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For some time I tried formulating sr-latch behavior in predicate logic natural language for a university assignment. However there is an issue because we only can use combination logic expressions. We attempted to say that:

for every instant (t) in time it holds that:

  if it holds that:
    exists an instant (t1) in time before t, such that SR was set at t1
    and does not exist an instant (t2) in time after t1 and before t such that SR was reset at t2 
  then it also holds that:
    for every time instant (t3) it holds that:
      if it holds that:
        t3 is before t and after t1
      then it also holds that:
        SR outputs True

  and

  if it holds that:
    exists an instant (t1) in time before t, such that SR was reset at t1
    and does not exist an instant (t2) in time after t1 and before t such that SR was set at t2
  then it also holds that:
    for every time instant (t3) it holds that:
      if it holds that:
        t3 is before t and after t1
      then it also holds that:
        SR outputs False

However I quickly realized that this is a faulty formalization since if a latch would be set, and later reset (or reset, and later set) the implications wouldn't hold. But then I am not sure what I can do since we are dealing with combination logic, and while I can account for a fixed number of pairs by adding more and more parts to conjunction each having different numbers of exists statement, I certainly cant describe a general case in this way.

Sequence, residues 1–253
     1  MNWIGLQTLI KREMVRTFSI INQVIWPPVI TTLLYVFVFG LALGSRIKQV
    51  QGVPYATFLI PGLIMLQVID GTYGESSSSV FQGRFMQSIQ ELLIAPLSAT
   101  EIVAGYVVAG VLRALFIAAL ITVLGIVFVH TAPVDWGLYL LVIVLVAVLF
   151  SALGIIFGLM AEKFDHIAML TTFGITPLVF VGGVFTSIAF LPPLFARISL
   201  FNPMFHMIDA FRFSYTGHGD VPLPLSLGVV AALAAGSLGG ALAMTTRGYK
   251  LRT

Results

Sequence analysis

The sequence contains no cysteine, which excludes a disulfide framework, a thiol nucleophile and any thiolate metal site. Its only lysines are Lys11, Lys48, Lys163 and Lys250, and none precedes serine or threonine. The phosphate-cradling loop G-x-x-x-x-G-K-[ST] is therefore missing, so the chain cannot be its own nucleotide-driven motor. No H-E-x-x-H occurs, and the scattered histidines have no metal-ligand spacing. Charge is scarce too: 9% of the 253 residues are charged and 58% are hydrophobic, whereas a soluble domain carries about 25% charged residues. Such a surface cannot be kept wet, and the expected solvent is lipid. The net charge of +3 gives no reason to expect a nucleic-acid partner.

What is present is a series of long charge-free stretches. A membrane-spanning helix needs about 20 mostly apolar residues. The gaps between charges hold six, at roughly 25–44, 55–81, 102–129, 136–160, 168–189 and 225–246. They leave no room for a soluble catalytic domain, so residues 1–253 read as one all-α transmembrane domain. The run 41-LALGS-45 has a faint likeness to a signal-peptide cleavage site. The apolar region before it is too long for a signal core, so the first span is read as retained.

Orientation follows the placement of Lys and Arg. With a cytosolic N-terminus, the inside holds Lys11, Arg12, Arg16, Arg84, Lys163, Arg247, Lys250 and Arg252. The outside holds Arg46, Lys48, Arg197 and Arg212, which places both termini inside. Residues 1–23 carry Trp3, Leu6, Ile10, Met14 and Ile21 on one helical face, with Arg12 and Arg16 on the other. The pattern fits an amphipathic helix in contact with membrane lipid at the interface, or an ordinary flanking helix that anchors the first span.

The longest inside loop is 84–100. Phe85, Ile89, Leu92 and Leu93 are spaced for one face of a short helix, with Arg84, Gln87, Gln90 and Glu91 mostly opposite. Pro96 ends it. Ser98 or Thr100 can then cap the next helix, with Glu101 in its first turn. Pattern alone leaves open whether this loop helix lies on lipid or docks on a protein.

How can I describe the behavior of set reset latch (essentially a 1 bit memory device) using predicate logic natural language.

P.S. I understand that the format of definition is not common, but to be bluntly fair I'm more interested in overall way to approach this problem, hence i only look for explanation and don't care in which notation it would be.

Update:

I was asked to provide more structured formulation to illustrate the problem. So here is some abstract rust code which i hope clarifies things:


fn flip_flop_output(now: u64) -> bool {
    for t in (now-1)..0 {
        if sr_set_at(t) {
            return true;
        }
        if sr_reset_at(t) {
            return false;
        }
    }
}


In addition because of the way system outside of sr-latch is described it is impossible to have set and reset active at the same time, hence the order of checks does not matter in this case.

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  • $\begingroup$ Methodologically, first, apply a proper notation into the descriptive text to render the matter perspicuous. See what is called pseudocode in computer science as an example in this vein. $\endgroup$ Commented Jun 3, 2022 at 8:20
  • $\begingroup$ @TankutBeygu could you elaborate? Do you want me to provide the formulation in pseudo code? Afaik there are no strict syntax for pseudo code. Would it be ok if i expand the question with some rust code instead? $\endgroup$ Commented Jun 3, 2022 at 8:33
  • $\begingroup$ If you want to convey what you have attempted and where you are stuck easily to many readers (to yourself, too!), use at least widely familiar symbols, etc., like $t_{1} < t_{2}$ instead of 'before' and 'after'. Especially, if you consider that the subject is of electrical-electronics engineering rather than mathematics . . . $\endgroup$ Commented Jun 3, 2022 at 9:07

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